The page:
First, a disclosure. We have owned a Honda before – a 1984 Accord sedan my wife bought before we were married. Of course, we’re also currently the owner of a Chevy, so I suppose it doesn’t matter.
Going into the experience with the CR-V I fully expected to like it. Honda fit and finish, materials, and overall quality are well known. The LX FWD model (no AWD version was available, but in everyday driving, the difference should not be noticeable) we test drove was largely as expected. The CR-V’s interior was, like the others, more utilitarian than luxurious, but comfortable and functional. The instrument panel and ancillary controls were the best of the lot so far.
The CR-V’s exterior is (subjectively speaking, of course) somewhat less appealing. The front-end treatment makes the small SUV appear to pout; the arc of the side windows and the roof line are at odds with each other, and the rear light cluster comes in second only to Volvo with a lighting scheme straight out of Close Encounters of the Third Kind.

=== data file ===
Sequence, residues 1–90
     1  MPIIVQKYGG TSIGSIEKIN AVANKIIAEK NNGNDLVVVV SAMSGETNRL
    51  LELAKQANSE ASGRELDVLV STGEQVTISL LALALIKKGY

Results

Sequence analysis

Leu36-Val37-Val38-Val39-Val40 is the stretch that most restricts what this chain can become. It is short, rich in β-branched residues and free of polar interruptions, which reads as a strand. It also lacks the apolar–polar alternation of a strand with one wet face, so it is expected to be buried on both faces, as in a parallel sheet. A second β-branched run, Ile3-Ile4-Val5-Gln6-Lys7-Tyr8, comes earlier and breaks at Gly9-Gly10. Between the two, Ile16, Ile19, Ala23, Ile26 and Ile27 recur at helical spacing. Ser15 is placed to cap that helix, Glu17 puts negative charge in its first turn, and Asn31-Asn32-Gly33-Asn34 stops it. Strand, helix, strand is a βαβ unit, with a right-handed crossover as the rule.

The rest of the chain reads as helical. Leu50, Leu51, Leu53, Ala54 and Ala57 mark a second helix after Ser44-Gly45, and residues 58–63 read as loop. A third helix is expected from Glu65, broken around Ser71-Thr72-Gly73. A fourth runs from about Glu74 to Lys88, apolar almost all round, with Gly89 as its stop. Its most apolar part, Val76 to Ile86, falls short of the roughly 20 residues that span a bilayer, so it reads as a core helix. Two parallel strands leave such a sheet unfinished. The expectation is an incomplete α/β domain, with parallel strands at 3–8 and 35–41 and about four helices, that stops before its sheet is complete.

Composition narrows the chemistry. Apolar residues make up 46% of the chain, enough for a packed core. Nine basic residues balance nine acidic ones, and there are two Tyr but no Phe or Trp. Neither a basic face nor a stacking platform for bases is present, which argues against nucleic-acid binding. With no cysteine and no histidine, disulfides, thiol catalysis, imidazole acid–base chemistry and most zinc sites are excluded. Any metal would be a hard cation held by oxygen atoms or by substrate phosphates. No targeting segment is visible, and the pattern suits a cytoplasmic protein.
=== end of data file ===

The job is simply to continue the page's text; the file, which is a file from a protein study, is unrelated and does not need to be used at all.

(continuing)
Driving the CR-V, however, was very pleasant (and once you’re inside, who cares what it looks like?). The controls were smooth, interior fit and finish very nice for the level of trim. The four-cylinder engine made its presence known, but was powerful without sounding overstressed or obnoxiously loud. The “drop-leaf” table between the two front seats seems initially like a neat feature, but it sacrifices console storage space. The overall impression of this contestant gives us no reason to vote it off the lot.
On to the Subaru Forester.